Parisa Sanaei and Michael Ammoury, civil and environmental engineering Ph.D. students in the College of Engineering and Computer Science, have been selected for graduate research awards from the Transportation Research Board’s Airport Cooperative Research Program (ACRP). The ACRP awards support…
Forums on scheduling, Senate vote announced
Forums on scheduling, Senate vote announcedSeptember 09, 2003Matthew R. Snydermrsnyder@syr.edu
Syracuse University’s daily life may see sweeping changes as the result of a new scheduling proposal. The University Senate Committee on Instruction and the Office of Undergraduate Studies are asking the University Senate to consider a new course scheduling paradigm. The new paradigm is specifically designed to respond to issues raised by students, faculty and staff.
Before the Oct. 15 vote on a “sense of the Senate” resolution, the Committee on Instruction and Undergraduate Studies are inviting all interested students, faculty and staff to attend open forums to discuss the proposal. They will be held in Maxwell Auditorium on Sept. 11, Sept. 17; and Sept. 18 from 5-7 p.m. Further information about this proposal is available by clicking the “Class Scheduling Proposal” button on SU’s home page or visiting http://cstl.syr.edu/scheduling/survey.asp.
Chancellor and President Kenneth A. Shaw will decide in late October whether to proceed with the new paradigm. If approved, it will go into effect for the Fall 2004 Semester.
“Ideally, schedules mirror and facilitate the educational, research and developmental mission of a university. Student access to appropriate courses, the concerns of faculty about pedagogy, and appropriate time for faculty research and Student Affairs programming should be top priorities,” says Vice President for Undergraduate Studies Ron Cavanagh. “SU’s current scheduling pattern no longer effectively prioritizes these and therefore requires change.” Cavanagh and Ernest Hemphill, Committee on Instruction chair, have outlined their proposal in Sept. 5 letters to all SU students, faculty and staff.
According to Hemphill, the University has studied the scheduling issue since Vice Chancellor and Provost Deborah A. Freund’s April 2002 call for more robust consideration of how SU schedules its classes. “Over the past 30 years, there has been a serious erosion of designated class times and the distribution of classes has become skewed,” says Hemphill. “Students face overlapping and irregular class times, limiting their choices of courses, particularly courses across departments, schools and colleges.” As an example, Hemphill points out that “a Monday/Wednesday class that runs from 8:30-9:50 a.m. prevents students from also enrolling in classes that meet Monday/Wednesday/Friday from 9:35-10:30 a.m., and prevents using the room for another class commencing at 9:35 a.m.”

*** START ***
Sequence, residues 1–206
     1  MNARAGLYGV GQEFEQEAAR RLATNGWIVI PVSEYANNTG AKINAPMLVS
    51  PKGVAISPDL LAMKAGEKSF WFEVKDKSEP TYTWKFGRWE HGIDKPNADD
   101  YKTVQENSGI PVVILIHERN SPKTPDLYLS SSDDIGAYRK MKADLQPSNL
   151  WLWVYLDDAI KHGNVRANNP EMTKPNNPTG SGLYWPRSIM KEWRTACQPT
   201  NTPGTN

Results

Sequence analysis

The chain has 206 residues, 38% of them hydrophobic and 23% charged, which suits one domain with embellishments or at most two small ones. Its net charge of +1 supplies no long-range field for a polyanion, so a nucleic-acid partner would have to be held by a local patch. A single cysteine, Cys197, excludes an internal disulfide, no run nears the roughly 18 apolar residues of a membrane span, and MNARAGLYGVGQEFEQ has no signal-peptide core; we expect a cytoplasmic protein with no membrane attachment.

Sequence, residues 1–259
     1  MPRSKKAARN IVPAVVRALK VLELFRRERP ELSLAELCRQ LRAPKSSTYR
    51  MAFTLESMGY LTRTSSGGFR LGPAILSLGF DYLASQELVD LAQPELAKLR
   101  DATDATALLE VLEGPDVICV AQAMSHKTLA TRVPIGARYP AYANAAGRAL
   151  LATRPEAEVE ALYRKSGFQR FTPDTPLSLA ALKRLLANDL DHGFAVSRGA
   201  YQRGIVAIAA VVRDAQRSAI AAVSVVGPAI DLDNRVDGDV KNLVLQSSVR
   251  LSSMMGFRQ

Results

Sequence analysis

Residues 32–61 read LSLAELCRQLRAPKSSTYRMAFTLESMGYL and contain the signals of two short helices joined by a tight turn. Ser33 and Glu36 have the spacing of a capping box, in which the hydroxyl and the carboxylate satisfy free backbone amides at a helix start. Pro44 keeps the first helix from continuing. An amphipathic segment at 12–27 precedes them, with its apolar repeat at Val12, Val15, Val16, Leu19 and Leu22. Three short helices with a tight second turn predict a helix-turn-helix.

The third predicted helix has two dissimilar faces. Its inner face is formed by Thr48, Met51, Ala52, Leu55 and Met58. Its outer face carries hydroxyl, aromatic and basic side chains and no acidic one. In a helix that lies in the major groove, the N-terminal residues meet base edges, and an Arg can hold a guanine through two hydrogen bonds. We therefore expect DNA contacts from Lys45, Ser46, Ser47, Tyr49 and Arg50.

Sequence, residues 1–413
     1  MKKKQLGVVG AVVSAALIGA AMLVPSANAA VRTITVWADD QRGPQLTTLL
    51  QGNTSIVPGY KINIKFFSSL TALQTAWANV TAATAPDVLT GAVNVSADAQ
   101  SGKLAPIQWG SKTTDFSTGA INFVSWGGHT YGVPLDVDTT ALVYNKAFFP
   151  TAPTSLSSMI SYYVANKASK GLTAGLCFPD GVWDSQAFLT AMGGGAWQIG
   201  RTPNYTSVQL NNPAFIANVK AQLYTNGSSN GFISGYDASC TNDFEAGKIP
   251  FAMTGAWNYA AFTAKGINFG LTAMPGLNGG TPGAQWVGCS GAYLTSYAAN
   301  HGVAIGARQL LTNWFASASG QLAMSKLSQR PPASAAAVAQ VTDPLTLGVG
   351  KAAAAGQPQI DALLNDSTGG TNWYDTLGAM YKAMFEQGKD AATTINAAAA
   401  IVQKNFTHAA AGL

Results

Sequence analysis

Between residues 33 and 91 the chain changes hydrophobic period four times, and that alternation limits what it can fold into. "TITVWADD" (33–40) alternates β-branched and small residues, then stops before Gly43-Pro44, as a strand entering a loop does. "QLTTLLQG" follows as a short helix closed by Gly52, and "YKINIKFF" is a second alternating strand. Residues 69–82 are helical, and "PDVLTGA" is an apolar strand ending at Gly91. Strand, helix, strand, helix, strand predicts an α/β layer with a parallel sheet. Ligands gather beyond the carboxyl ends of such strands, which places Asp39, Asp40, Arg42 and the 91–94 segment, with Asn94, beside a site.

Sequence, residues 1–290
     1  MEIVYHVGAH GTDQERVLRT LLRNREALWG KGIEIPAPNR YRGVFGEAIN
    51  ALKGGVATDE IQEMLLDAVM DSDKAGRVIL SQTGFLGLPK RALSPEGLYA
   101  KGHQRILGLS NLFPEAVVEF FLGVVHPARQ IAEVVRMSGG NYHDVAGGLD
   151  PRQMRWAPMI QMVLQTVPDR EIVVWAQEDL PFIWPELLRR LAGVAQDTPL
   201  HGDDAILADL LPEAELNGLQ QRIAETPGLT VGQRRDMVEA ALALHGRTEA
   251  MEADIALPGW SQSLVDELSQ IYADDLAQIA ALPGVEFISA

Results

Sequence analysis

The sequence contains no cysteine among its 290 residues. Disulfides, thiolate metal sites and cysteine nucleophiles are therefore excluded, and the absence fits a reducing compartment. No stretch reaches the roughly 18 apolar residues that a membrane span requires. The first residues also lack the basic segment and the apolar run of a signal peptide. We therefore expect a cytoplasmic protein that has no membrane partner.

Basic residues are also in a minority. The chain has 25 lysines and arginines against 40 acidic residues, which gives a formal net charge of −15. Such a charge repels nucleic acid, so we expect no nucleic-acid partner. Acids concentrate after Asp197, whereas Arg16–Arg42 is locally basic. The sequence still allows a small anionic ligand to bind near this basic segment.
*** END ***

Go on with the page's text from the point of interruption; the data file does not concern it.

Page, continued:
Additionally, the movement of classes to irregular times on Monday/Wednesday and the almost complete utilization of 80-minute time slots on Tuesday/Thursday means that only half as many classes are offered on Friday as are offered on other days of the week. According to Hemphill, “this is thought to have contributed significantly to the perception that the University undervalues its mission of scholarship and education.”
If approved, the new scheduling paradigm will introduce several changes, including:
- Time blocks for classes will be built around two two-day sequences of 80 minute classes: Monday/Thursday and Tuesday/Friday. The 80-minute blocks are the most popular on the current schedule among instructors and students.
- Classes of 55 minutes’ duration, currently meeting Monday/Wednesday/Friday, will be shifted to Monday/Wednesday/Thursday.
- Wednesday afternoons from 2-5 p.m. will be set aside as a time for activities such as school, college, departmental and all-University programming; student internships; advising; service learning; clubs; and volunteering.
- Classroom use will be distributed more efficiently through earlier starting times, allowing space to be better utilized.
- All undergraduate classes will be required to meet at standard times; nonstandard-length classes, such as studios or laboratory sessions, will be expected to start at standard times and use multiples of 55 or 80 minutes.
Based on the results of the Senate vote and data collected during the nearly two years in which this matter has been studied, Shaw will choose between two alternatives: To proceed with the new proposal, or to keep the present paradigm but require adherence to stated class time periods.
In addition to the open forums, Web site and discussion at the University Senate meeting, Cavanagh and Hemphill are available to discuss the paradigm with groups of students, faculty and staff. To request such a presentation, call 443-1368 or e-mail email@example.com.
“No scheduling paradigm can cure all problems or actualize all opportunities, but we believe that given the issues presently on the table, this proposal embodies the deliberate tradeoffs needed to prioritize teaching, learning, research and service,” says Cavanagh. “This makes the most effective use of University time and resources to support the success of students and faculty.”